Hash browns however are an ingredient that many believe do not belong in a traditional English breakfast. We here at the Society believe that frozen hash browns and french fries are used as a cheap breakfast plate filler, served by people who probably buy cheap imported bacon and sausages to use in their so called English breakfasts, and who have probably never heard of bubble and squeak.
If your breakfast contains cheap, fried, imported, frozen bacon and sausages, it's not a real English breakfast. The hallmark of a real English breakfast is locally or regionally sourced ingredients sourced from farmers, sausage makers and butchers located in Great Britain, but if you happen to be overseas you are forgiven for using locally sourced pork instead. We cannot always get the breakfast we want.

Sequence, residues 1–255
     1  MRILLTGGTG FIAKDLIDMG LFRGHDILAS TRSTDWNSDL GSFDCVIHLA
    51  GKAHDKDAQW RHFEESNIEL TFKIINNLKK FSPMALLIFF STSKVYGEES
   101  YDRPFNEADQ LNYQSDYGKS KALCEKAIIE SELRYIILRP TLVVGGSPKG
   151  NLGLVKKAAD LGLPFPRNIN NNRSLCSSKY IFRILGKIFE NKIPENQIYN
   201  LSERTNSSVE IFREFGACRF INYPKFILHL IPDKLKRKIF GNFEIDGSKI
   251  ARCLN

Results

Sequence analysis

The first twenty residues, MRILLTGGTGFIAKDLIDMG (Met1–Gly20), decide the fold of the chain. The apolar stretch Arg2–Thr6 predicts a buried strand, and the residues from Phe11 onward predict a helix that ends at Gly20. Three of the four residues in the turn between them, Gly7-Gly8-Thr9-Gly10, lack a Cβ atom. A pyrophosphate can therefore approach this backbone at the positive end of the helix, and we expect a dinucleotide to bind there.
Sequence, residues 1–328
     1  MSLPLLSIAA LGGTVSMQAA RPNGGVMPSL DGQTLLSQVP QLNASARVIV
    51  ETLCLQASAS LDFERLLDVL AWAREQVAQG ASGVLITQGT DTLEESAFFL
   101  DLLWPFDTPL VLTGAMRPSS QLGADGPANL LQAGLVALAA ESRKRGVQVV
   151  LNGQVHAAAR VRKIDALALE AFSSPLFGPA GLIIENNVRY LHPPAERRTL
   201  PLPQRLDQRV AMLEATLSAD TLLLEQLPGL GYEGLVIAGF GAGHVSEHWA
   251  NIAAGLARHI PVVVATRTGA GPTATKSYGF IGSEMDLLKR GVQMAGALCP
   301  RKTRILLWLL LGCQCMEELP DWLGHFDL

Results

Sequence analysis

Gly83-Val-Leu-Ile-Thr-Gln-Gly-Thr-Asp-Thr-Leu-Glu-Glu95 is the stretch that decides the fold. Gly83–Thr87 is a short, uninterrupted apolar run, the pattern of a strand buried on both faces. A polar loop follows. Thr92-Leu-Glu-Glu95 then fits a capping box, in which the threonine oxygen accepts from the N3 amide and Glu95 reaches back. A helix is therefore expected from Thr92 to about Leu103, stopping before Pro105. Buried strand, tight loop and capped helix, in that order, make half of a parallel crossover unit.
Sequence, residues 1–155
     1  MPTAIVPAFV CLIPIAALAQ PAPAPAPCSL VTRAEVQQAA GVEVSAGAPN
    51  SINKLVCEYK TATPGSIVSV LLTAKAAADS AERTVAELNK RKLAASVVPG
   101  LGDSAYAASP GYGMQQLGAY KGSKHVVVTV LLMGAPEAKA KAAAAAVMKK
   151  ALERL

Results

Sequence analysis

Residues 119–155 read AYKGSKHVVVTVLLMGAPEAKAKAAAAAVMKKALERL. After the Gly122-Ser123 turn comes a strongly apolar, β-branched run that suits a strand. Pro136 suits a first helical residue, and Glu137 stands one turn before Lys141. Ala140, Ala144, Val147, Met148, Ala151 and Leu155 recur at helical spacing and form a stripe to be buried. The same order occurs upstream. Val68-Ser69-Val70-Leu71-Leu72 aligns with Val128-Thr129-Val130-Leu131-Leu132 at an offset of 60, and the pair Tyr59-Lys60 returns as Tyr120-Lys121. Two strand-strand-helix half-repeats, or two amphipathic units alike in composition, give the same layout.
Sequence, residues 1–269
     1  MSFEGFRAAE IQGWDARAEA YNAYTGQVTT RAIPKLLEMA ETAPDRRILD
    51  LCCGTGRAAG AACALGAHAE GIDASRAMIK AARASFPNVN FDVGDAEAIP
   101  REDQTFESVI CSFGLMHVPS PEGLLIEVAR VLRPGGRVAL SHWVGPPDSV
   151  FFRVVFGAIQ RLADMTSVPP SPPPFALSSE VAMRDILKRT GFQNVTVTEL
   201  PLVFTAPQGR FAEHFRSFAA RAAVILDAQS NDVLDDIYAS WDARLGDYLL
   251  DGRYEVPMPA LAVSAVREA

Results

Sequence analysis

The regional variants, like the Scottish/Irish full breakfast, are usually exactly the same dish with slight changes to the ingredients, depending on the regional tastes and preference of the locals.
The full Irish breakfast usually contains Irish bacon and sausage, but also traditional regional ingredients such as white pudding, Irish soda bread and Irish potato cake, whereas the full Scottish breakfast usually contains local ingredients as black pudding or a slice of haggis.
The meat ingredients were traditionally sourced from local farmers and made using a local recipe. If you travel all over the country and eat a traditional English breakfast wherever you go, you could explore the rich diversity of sausage, back bacon and black pudding recipes from across the land.
Each region of Great Britain had a breakfast that contained pork which had usually been raised in that region, and some regions are famed for their bacon and sausage, famous British sausage producing regions of note are Lincolnshire & Cumberland, but many other parts of the country have also produced their own sausages, black pudding and bacon for centuries using their own local recipes.